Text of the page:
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Thinking about learning Esperanto

 Language Learning Forum : Esperanto Post Reply
55 messages over 7 pages: 13 4 5 6 7  Next >>
Everything
Diglot
Groupie
France
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87 posts - 167 votes 
Speaks: French*, English
Studies: Spanish

 
 Message 9 of 55
23 February 2012 at 6:43pm | IP Logged 
Thanks for the links Michael.

Quote:
I've heard the Assimil for Esperanto isn't that good.


Is that true ? Because it happens that I've heard the same thing for Assimil Le Coréen
(Korean), I finally bought it and, let alone romanization, I don't understand why such a
reputation. I'm a beginner in Korean so maybe I missing something...
2 persons have voted this message useful



Sprachprofi
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Germany
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Speaks: German*, English, French, Esperanto, Greek, Mandarin, Latin, Dutch, Italian
Studies: Spanish, Arabic (Written), Swahili, Indonesian, Japanese, Modern Hebrew, Portuguese

 
 Message 10 of 55
23 February 2012 at 7:17pm | IP Logged 
Everything wrote:
So the question : what's the best method to learn it ? Lernu is
free
but seems a bit slowly. Assimil I guess.

There are 12 different courses on Lernu; one of them should fit your style. I tend to
recommend "Ana Pana" followed by "Ana Renkontas", and maybe some of the audio course
version of "Mi estas komencanto" to listen to on the go; it's a bit like Pimsleur. For
the Ana series you can get a free mentor ("lingvohelpanto") who will correct your
exercises and answer your questions.

I do love that German 10-lesson course, which is a lot more thorough than the Pacujo
10-lesson course. They are presently working on a new version, which will also include
audio, my biggest complaint against it. I learned Esperanto using that course.

As for Assimil Esperanto, it's not bad for a start, but the later lessons feature some
weird "common expressions" or sayings that I never heard in the wild. The audio could
also be better.

Do check if there's an Esperanto course nearby. Find your local group through
http://esperanto-france.org/ and ask them about classes. A class can get you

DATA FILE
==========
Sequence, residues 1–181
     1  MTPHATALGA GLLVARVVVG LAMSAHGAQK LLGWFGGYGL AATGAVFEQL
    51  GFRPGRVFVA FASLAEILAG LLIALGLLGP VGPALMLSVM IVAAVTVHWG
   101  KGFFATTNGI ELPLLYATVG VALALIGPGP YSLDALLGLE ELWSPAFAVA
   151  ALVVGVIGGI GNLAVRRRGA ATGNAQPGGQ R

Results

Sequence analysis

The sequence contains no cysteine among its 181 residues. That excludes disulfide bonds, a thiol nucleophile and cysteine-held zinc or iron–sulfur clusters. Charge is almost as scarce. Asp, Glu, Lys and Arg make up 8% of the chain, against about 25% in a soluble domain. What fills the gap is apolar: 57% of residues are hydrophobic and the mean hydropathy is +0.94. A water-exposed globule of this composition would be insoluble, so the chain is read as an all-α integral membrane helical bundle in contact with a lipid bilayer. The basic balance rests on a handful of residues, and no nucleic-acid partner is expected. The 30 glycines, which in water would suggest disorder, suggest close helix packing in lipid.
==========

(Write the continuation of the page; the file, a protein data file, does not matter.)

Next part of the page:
up to speed very quickly. For example I occasionally teach intensive Esperanto classes
over the weekend (14 hours spread over two days) and by the end, people are already
able to communicate, if slowly. You can also find Esperanto classes accompanying most
major events. http://www.eventoj.hu/2012.htm offers a good overview of
upcoming events. The most famous French Esperanto event is
FESTO, known for its awesome atmosphere
and lots of concerts. The biggest European Esperanto event this year will probably be
the JES in Germany, because
the two traditionally biggest events (World Congress and World Youth Congress) are
taking place in Vietnam this year. They are in a different country every year.

Edited by Sprachprofi on 23 February 2012 at 7:32pm

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Michael K.
Senior Member
United States
Joined 4268 days ago

568 posts - 886 votes 
Speaks: English*
Studies: Spanish, Esperanto

 
 Message 11 of 55
23 February 2012 at 11:06pm | IP Logged 
I'm glad my posts were helpful, Everything.

I don't have any experience with Assimil Esperanto, but someone I trust said she didn't like the Assimil course for Esperanto, so that's why I wrote what I did. Because Sprachprofi has used that course she can clarify any problems with the course.
1 person has voted this message useful



Everything
Diglot
Groupie
France
Joined 3240 days ago

87 posts - 167 votes 
Speaks: French*, English
Studies: Spanish

 
 Message 12 of 55
24 February 2012 at 4:50pm | IP Logged 
I've started to learn with Lernu but it's a bit boring. I miss Assimil :(